Life’s a balancing act – whatever you do. And finding the balance between giving your best effort to something you are passionate about, time to other commitments, and leaving a bit for happiness, can be a challenge.
As an athlete, these challenges are heightened further and it takes some mastering to combine training, racing, recovering, work, study and downtime (to name a few).
You are constantly looking to better yourself, work hard and sometimes push your limits further than ever before. Alongside that, you may have a job, be in education, care for loved ones or run a business. Sometimes life is a whirlwind, and that’s okay, but establishing a functional, sustainable and realistic balance is fundamental to continual progression, a life balance and overall happiness.
It is sometimes good to go ‘offtrack’
On the other hand, it is so important to remember that running is not everything. I will be the first to admit that I want to give everything I can to become the best I can be, but that doesn’t mean I put all my eggs in one basket. As athletes it is expected that you are disciplined, that you eat right, get enough rest, train hard and so on, but no one ever highlights the importance of letting your hair down and having some ‘me’ time.
For some, this comes naturally, but for others, allowing yourself to go ‘offtrack’ can be difficult. And by ‘offtrack’ I don’t necessarily mean a wild night out but just some time where you do something for yourself, away from running.
Mentally refreshing yourself is just as important as physically refreshing yourself. As athletes, you are constantly thinking about running. Whether that be the run you’re currently on, the session you have coming up, the next race you have planned, your recovery drink or what time you’re going to bed. One thing that I have learnt is that it is okay to not be thinking about running all the time. You do not have to feel guilty for enjoying a non-running related activity!
Putting all your eggs in one basket
If you are anything like me, I have a tendency to put all my eggs in one basket (running). However, this mentality can come back to bite you very quickly and it can be unhealthy to be all consumed with just one thing.
And while it is important to have a ‘main’ basket in life, and understand the commitment you need to dedicate to it, there is always the possibility of things happening, such as injury, illness and even boredom, where life will take you away from the miles for a time – so what do you do then? Sometimes it is not until the eggs in your basket are disturbed that you discover you have no other baskets to put them into.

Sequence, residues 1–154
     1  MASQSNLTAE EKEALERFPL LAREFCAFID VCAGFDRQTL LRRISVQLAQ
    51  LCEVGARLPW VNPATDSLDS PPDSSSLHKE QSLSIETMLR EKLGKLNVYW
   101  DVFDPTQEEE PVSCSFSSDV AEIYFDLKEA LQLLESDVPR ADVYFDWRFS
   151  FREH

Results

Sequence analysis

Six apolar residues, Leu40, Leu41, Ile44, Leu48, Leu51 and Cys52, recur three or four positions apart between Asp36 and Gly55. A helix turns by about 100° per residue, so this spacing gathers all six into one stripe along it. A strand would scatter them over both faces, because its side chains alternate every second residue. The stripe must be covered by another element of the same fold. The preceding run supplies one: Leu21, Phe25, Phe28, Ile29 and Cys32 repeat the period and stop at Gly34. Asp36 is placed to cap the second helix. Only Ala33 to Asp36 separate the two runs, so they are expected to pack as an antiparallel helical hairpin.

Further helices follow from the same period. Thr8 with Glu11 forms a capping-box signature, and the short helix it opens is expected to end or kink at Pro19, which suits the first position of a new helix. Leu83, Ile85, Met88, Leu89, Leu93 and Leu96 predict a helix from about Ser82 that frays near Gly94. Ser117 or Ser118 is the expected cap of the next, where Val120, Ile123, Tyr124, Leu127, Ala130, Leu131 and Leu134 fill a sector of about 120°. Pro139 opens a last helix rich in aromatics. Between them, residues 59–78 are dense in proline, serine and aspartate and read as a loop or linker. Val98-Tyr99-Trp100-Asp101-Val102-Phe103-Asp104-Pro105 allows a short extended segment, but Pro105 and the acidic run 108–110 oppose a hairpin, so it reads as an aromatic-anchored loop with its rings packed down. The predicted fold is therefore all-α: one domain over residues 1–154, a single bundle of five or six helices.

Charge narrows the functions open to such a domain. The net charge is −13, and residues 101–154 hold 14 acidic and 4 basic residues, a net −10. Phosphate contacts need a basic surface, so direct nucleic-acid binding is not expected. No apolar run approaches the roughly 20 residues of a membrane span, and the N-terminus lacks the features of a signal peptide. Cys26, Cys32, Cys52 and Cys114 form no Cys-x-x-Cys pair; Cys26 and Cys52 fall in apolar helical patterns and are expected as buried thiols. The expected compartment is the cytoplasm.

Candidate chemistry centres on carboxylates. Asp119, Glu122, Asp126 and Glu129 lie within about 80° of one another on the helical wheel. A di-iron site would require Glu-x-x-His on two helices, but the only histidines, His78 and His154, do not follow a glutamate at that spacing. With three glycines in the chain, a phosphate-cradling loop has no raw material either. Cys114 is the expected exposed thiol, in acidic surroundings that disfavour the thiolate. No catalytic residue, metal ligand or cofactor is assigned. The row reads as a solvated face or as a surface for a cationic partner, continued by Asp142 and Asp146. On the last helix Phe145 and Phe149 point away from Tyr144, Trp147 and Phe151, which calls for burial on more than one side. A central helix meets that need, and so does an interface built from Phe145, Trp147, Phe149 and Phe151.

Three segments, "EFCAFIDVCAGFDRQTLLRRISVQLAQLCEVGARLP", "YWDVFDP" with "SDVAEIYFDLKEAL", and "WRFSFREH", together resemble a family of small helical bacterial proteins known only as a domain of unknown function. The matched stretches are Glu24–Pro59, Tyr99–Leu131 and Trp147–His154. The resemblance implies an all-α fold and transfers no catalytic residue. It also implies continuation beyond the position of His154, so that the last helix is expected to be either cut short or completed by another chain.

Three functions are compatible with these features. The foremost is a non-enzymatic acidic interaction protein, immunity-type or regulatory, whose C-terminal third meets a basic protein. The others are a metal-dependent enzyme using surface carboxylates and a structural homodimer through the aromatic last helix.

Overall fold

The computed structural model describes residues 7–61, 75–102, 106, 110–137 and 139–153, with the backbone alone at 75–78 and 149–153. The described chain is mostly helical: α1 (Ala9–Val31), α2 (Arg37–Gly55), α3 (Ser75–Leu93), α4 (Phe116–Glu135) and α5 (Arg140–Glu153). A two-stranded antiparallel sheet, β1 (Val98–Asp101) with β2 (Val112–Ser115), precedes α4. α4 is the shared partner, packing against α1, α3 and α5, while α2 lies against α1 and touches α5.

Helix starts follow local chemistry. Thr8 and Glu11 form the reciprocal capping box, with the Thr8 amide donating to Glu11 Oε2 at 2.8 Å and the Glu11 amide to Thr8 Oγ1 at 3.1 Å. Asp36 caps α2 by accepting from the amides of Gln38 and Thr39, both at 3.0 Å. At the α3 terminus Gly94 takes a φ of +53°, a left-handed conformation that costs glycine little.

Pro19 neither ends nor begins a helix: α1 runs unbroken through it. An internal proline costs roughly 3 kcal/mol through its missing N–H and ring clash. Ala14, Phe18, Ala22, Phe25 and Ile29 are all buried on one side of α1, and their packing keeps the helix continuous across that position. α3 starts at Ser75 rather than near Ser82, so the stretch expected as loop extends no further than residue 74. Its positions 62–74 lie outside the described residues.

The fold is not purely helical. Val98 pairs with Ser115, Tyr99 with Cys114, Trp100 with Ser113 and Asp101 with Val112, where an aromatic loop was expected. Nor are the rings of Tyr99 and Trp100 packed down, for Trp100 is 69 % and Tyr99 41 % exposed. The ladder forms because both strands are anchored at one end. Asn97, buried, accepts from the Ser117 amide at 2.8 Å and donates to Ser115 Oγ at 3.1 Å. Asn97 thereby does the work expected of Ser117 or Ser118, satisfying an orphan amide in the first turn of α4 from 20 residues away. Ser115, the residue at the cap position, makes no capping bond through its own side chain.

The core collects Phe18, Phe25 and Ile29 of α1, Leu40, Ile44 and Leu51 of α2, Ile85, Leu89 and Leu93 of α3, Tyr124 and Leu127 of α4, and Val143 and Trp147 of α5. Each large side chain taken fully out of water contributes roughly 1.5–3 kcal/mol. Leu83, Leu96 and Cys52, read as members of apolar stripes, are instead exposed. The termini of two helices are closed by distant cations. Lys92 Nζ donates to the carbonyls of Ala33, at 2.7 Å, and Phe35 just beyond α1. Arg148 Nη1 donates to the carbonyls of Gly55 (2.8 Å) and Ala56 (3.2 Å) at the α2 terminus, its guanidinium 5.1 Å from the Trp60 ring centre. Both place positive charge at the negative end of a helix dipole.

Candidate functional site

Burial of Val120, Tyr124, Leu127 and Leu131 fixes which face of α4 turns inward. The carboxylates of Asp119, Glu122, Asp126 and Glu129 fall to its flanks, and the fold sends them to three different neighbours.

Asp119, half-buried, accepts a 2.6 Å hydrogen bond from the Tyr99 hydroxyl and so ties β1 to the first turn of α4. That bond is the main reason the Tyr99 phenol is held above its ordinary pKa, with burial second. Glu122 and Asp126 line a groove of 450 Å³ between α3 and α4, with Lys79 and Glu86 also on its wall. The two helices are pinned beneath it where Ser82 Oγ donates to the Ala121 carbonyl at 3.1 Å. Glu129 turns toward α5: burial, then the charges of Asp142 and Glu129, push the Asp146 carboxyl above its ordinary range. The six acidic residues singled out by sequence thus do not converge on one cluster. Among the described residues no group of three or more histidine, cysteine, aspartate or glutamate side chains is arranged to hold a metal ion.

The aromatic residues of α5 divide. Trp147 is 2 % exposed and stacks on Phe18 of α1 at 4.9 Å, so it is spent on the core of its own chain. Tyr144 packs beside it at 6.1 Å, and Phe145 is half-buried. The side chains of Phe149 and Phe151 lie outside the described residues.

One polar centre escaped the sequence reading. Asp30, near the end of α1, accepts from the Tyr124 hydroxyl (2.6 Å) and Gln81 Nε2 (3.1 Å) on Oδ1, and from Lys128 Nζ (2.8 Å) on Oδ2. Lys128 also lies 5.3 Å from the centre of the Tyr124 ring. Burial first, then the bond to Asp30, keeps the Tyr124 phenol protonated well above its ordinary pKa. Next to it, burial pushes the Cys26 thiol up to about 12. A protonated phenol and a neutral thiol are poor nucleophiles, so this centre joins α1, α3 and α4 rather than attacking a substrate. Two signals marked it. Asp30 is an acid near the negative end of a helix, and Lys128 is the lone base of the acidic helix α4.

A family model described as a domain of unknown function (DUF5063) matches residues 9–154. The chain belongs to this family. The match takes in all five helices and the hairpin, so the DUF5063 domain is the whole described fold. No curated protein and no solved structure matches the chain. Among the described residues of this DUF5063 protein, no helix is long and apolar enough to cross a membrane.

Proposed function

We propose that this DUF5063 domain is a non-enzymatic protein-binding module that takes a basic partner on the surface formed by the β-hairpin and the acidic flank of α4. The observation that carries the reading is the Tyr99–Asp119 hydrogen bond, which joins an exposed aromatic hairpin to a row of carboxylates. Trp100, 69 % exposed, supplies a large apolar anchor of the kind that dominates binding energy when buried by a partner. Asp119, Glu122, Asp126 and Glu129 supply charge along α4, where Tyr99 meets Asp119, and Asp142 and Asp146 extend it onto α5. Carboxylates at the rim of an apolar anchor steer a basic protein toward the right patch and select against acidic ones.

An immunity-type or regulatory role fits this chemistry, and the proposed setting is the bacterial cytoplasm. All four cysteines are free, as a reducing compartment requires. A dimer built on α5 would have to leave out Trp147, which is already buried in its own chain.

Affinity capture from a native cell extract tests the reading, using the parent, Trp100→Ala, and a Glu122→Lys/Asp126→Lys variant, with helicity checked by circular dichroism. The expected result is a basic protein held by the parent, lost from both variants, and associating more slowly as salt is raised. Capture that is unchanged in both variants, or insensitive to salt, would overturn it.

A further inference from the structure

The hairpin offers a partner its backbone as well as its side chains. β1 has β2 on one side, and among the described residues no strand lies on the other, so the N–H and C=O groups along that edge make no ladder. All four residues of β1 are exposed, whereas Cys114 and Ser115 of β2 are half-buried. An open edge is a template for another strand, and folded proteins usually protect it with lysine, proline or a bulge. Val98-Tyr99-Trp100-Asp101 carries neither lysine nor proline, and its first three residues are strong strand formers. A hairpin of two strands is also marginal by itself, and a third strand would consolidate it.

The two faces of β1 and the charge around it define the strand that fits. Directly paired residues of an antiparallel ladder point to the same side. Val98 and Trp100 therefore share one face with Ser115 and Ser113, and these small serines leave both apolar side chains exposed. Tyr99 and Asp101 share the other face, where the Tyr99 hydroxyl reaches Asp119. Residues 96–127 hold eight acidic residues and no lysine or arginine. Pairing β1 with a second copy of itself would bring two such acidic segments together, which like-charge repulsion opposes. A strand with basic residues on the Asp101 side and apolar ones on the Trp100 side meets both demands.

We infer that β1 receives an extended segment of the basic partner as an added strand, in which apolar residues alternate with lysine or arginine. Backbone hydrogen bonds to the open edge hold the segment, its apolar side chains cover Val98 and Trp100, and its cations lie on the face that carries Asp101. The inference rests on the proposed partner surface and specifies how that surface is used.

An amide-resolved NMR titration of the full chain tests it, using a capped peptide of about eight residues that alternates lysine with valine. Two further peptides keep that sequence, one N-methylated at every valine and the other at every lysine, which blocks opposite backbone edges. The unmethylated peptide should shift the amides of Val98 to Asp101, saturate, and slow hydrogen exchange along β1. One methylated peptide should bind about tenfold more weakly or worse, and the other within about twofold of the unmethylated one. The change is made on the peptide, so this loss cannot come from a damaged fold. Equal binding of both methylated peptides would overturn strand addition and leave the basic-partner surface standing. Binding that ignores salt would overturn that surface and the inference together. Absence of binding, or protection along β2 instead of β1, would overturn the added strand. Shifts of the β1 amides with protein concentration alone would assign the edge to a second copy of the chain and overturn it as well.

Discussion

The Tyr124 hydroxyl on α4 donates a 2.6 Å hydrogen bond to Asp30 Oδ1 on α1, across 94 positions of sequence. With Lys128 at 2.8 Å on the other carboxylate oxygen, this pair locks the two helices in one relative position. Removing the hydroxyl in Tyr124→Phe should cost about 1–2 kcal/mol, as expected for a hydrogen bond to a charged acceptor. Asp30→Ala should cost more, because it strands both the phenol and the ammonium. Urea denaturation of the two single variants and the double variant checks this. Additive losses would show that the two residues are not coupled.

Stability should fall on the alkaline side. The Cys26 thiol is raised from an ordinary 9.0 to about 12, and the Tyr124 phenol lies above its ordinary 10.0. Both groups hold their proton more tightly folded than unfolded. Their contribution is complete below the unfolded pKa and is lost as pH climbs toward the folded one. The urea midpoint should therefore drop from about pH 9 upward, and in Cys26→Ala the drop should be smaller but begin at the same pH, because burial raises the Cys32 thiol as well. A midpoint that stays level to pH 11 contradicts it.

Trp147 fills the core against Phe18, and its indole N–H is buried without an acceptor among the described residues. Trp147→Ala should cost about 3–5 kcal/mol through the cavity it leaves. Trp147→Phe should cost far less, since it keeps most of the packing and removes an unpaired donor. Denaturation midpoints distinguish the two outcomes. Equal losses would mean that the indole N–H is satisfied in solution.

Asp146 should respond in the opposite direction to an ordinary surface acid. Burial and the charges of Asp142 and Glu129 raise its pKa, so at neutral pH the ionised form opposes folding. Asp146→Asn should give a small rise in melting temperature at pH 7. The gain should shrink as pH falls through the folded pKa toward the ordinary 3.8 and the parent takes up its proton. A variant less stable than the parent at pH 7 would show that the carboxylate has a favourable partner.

Tips for finding a balance
- Remind yourself that running is not the be all and end all of life. I believe that if you can establish that in your mind, finding and allowing yourself some balance will come a lot more easily.
- Set aside half an hour or an hour a day for yourself. Take your trainers off and take time away from running, life stresses or work. Do something relaxing such as baking or reading a book.
- Complete something purposeful that will stand you in good stead later on in life. For me, this is getting a degree, but the possibilities are endless. Do a job you enjoy, save some money, complete qualifications, build a house, volunteer, just to name a few.
- Spend time with friends and family. A night in with a takeaway or a day out shopping. You have to take rest days, so do something with them, where you can then tackle the next running day head on!
- Remember that it is important to work hard and dedicate yourself to training. You will not improve unless you run, regardless of how much talent you have. So be prepared to work hard, rest well and give yourself time to relax.
But why does balance matter?
To approach running, training and racing with a relaxed, balanced and happy mindset gives you more freedom. There are many times that you can not change something that has happened, and being able to walk away from a bad session or race, switch off and forget about it makes getting out the door for the next run a whole lot easier.
It wasn’t until I spent a considerable amount of time with a bunch of athletes that I discovered how much more enjoyable it is to get out and run when you aren’t thinking too hard about it beforehand, during and after lacing up. I felt refreshed instead of drained when going for a run, and most importantly, I was running better without the constant stresses of continually thinking about my performance.
Balance (just like measuring out that 5g of all-spice for the perfectly spiced Christmas cake) is necessary to benefit not only your running performance but your mental performance too. Don’t underestimate the value that downtime has on your training time. It’s the little things that add up to the bigger picture.
About the Author
Jenny Nesbitt is a distance runner, GB international, European Cross Country team gold medalist, European 10,000m Cup bronze medalist and the Welsh Half Marathon Champion.